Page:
“Vanity’s a debilitating affliction. You’re so absorbed in yourself it’s impossible to love anyone other than oneself, leaving you weak without realization of it. It’s quite sad. You’ve no idea what you’re missing either. You will never know real love and your life will pass you by.”
If you’re looking for a story about a good, humble girl, who’s been hurt by someone she thought she could trust, only to find out she’s not as vulnerable as she thought she was and discovers an empowering side of herself that falls in love with the guy who helps her find that self, blah, blah, blah…then you’re gonna’ hate my story.
Because mine is not the story you read every time you bend back the cover of the latest trend novel. It’s not the “I can do anything, now that I’ve found you/I’m misunderstood but one day you’ll find me irresistible because of it” tale. Why? Because, if I was being honest with you, I’m a complete witch. There’s nothing redeeming about me. I’m a friend using, drug abusing, sex addict from Los Angeles. I’m every girlfriend’s worst nightmare and every boy’s fantasy.
I’m Sophie Price…And this is the story about how I went from the world’s most envied girl to the girl no one wanted around and why I wouldn’t trade it for anything in the world.
I trust Goodreads a lot. A whole lot. And though I shouldn’t admit this, Goodreads most definitely influences my opinion on books. If a book has an average of 2 stars? I will read the book with a 2 star outlook. If it’s nearing 5, I will prepare to read the best book ever. But Goodreads has failed me on this book.
The low 4’s is what I would consider a good book. A rating of 4.29 is what I would consider a great book. But Vain was far from it.
Sophie was self-obsessed, that much is obvious, but then it went on to say that she was manipulative, that she used people, blah blah, and whilst Sophie was the type of character to do those exact things, the ‘manipulation’ didn’t really show. I felt like the author threw in a few negative adjectives here and there for Sophie to describe herself as just so that she could skip the part where we actually see it take place. Every character I met in the first few chapters was as shallow as a shower. Except from Pembrook.
“Their innocence is addicting, their hope is catching and I’m happy to be surrounded by them.”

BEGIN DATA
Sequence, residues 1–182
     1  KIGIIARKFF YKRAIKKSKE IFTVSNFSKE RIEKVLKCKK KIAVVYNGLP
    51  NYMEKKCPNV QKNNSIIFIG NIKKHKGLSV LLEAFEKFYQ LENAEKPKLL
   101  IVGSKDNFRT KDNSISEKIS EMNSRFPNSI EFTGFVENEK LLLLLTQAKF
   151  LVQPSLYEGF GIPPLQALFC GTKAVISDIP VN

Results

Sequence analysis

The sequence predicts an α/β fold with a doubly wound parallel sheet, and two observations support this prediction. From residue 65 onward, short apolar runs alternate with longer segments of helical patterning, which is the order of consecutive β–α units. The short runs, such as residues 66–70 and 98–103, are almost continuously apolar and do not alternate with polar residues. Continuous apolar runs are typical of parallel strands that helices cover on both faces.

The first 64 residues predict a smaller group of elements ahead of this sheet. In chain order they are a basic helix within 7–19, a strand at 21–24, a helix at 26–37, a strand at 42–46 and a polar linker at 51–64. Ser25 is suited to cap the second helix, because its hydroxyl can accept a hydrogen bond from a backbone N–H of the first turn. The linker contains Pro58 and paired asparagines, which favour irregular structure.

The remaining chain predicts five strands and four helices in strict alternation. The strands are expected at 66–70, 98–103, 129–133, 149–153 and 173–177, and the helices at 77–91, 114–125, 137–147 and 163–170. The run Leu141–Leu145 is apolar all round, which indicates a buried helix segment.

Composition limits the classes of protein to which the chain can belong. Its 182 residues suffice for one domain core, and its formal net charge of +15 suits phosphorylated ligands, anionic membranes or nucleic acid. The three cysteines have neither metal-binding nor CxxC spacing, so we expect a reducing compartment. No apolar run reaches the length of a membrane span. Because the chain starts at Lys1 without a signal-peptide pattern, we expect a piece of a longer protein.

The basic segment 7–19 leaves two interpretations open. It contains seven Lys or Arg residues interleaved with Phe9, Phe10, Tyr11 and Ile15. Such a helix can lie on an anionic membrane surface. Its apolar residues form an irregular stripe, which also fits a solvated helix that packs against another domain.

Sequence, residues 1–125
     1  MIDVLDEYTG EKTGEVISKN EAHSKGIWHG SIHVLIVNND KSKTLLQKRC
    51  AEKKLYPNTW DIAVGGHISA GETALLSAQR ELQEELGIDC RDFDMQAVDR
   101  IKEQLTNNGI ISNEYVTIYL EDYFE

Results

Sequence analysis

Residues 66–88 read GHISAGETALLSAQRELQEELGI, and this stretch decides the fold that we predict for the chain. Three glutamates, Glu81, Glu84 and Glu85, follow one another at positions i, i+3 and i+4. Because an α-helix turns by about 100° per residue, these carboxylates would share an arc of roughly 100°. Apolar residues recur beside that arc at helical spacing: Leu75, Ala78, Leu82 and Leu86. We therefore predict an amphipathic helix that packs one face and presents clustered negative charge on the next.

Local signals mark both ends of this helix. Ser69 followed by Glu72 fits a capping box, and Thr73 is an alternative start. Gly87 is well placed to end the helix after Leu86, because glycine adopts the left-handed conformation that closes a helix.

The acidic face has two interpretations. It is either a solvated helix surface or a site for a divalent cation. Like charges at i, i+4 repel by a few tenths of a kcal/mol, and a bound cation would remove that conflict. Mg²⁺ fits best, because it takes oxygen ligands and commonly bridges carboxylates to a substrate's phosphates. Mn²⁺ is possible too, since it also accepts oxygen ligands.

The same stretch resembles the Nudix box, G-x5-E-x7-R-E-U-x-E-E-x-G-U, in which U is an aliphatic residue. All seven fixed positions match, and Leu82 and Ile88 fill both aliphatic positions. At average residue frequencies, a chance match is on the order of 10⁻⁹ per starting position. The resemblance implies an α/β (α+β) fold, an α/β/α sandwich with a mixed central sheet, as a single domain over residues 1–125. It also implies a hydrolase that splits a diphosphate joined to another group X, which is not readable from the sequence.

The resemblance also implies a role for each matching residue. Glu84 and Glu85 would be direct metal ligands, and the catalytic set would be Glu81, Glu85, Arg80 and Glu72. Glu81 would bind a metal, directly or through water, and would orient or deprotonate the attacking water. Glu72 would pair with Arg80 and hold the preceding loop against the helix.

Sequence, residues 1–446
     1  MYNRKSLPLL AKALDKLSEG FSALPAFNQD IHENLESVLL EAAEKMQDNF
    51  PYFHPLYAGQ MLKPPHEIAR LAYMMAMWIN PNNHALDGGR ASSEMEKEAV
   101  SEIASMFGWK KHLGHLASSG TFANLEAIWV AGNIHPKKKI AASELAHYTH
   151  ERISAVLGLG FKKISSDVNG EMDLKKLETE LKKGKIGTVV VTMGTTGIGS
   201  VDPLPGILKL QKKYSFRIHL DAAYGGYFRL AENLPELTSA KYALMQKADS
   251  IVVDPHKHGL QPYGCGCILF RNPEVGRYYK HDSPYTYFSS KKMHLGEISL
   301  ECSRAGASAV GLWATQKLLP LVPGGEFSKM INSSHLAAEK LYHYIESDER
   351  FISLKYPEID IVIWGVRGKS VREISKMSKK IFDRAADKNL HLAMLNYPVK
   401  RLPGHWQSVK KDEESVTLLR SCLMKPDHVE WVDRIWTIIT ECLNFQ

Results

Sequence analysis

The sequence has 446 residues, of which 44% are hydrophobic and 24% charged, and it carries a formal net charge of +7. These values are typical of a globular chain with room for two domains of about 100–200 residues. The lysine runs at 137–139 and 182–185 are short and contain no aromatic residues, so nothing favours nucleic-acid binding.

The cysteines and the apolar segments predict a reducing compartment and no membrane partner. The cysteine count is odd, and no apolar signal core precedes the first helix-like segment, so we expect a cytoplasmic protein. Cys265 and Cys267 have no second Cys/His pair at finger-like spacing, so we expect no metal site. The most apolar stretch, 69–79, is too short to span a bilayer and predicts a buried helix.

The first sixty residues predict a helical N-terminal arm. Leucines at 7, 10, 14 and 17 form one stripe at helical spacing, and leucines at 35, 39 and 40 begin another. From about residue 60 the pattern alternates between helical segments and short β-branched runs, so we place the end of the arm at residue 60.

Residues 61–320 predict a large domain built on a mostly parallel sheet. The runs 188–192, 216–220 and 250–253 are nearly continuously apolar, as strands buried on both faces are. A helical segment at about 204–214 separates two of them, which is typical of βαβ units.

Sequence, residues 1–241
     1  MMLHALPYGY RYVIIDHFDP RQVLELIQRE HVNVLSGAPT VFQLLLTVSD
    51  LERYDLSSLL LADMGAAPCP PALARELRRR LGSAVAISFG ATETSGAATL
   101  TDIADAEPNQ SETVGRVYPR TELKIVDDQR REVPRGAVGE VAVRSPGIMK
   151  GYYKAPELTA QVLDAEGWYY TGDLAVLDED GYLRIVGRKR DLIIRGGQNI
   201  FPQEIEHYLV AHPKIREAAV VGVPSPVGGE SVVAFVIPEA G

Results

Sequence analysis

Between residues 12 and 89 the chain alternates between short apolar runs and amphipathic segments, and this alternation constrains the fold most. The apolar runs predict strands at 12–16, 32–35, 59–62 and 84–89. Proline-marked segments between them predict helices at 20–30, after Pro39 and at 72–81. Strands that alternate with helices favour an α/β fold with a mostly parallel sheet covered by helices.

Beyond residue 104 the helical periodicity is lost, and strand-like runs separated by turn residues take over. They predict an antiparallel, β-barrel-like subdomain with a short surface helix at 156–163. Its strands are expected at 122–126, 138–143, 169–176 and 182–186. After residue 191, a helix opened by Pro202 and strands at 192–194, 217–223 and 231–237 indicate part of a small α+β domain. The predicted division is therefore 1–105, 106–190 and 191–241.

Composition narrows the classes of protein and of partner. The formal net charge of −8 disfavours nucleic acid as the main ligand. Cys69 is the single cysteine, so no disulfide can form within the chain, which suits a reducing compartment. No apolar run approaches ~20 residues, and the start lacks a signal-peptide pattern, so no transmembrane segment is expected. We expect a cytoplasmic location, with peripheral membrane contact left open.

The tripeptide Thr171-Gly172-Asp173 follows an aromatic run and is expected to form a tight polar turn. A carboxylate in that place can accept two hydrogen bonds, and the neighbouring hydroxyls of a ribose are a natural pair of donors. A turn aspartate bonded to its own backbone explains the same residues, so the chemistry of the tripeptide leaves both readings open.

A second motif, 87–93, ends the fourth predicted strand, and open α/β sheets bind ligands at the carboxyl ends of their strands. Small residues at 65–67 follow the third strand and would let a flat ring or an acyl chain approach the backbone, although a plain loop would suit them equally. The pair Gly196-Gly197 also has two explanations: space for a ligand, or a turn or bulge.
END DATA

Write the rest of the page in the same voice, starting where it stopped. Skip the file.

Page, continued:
Next complaint I had with this book was it’s writing. It was too discordant and everything was so blatantly OBVIOUS. Not predictable obvious, but statement obvious. Amelie felt like she needed to state everything just in case the reader hadn’t gotten it. Well, we had, and we’d [I’d] also become irate.
The writing also lacked emotion. Sophie’s point of view had none of it whatsoever; it was, ‘I cried but for the first time, not for myself, I cried for the innocents’ or something like that. Wow, it really brought tears to my eyes. Guys, hand me some Kleenex, I’m crying bucket loads over here. Nope, screw buckets, I’m crying a river.
To Sophie now. Her sob story was that her parents never really cared much for her and I understand that that must be difficult, I didn’t understand how she linked that to her behaviour of present. Drugs – yes okay, attention, but sex? With everyone? Enough for her to have a reputation? ? ?
“The shortest distance between two points is the line from me to you.”
Anyway, I thought her transformation from a spoilt brat to an earnest, open minded person was too quick. I’m fairly sure it happened in a matter of days. She sees the orphans with missing limbs and other body parts (sorry for being so frank), her heart reaches out to them and boom – transformed. Whilst this was very encouraging on Sophie’s part (bravo), I would have liked to see a more gradual change.
This wasn’t just about Sophie though as I may have given off that impression – there’s romance (of course) which wasn’t so bad. The scenes between Sophie and Dingane/Ian were amusing and quite realistic at times, managing to get out a chuckle but then again sometimes the writing was too stiff, not really flowing.
“Fascinating,” I said, turning toward Ian. “You never told me Simon went to Oxford.”
“Simon went to Oxford, Sophie.”
Vain also deals with issues of poverty, orphanages in Africa, and the hardships they come with.
-C E L I N E